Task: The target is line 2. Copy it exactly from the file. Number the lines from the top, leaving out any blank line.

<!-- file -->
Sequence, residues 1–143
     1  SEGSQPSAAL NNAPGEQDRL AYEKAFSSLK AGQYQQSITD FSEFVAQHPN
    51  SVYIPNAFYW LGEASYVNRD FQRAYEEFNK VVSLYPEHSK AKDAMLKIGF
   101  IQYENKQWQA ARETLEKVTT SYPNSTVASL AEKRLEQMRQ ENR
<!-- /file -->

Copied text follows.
     1  SEGSQPSAAL NNAPGEQDRL AYEKAFSSLK AGQYQQSITD FSEFVAQHPN